Even if a professional service provider proves the existence of a legitimate business interest in its goodwill, it must also prove that the contractual restraints are reasonably necessary to protect those interests. Fla. Stat. § 542.335(1)(c). Whether or not a non-compete is reasonably necessary also depends on the facts of the case. When making this determination, the court will analyze whether the restraints on time and area are reasonable.

The courts will presume that a non-compete with a time restraint of less than six-months in duration is reasonable, if the non-compete is against a former employee, agent, or independent contractor. However, if the time restraint is more than two years, the courts will presume the time restraint is unreasonable. Fla. Stat. § 542.335(1)(d). Florida courts have found that a time restraint of two years is reasonably necessary to protect an established legitimate business interest. Ansaarie, 252 So. 3d at 291 (holding that the two-year time restraint was reasonably necessary to protect its interests because the former doctor did not challenge the time restraint); Southernmost Foot & Ankle Specialists, P.A. v. Torregrosa, 891 So. 2d 591, 594 (Fla. 3d DCA 2005) (holding that the two-year restraint on time was reasonable).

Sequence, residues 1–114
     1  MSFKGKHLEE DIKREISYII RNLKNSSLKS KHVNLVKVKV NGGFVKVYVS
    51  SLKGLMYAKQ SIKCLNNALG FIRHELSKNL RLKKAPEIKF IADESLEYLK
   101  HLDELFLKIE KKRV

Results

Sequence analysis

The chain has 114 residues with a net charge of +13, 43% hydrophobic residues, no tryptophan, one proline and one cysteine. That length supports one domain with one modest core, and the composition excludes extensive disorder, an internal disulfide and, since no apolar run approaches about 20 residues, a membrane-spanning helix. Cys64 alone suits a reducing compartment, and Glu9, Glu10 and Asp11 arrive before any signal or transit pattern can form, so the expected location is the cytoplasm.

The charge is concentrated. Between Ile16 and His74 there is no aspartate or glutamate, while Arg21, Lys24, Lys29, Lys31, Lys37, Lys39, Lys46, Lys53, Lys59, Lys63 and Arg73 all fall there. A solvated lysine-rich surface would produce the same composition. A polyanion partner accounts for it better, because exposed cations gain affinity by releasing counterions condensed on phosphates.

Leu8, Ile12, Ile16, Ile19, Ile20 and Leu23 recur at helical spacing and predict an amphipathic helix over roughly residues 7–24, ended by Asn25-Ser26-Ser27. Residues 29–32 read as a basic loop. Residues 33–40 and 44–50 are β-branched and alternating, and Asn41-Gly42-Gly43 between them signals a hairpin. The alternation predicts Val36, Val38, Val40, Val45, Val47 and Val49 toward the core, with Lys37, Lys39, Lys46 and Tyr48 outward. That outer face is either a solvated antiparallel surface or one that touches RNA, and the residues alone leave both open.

With regard to restraint on area, the statute does not provide a presumption of what is reasonable or unreasonable. A reasonable restraint on area can vary significantly depending on the facts of the case. However, if a restraint on area is found to be unreasonable, the court has discretion to reduce the restraint based on the evidence and facts of the case. Id. at 596 (holding that the trial court’s reduction of the area restraint from all of Monroe county to “outside of the five miles of the Key Largo/Tavernier line and all the way down to five miles outside of Marathon,” was properly within the trial court’s discretion).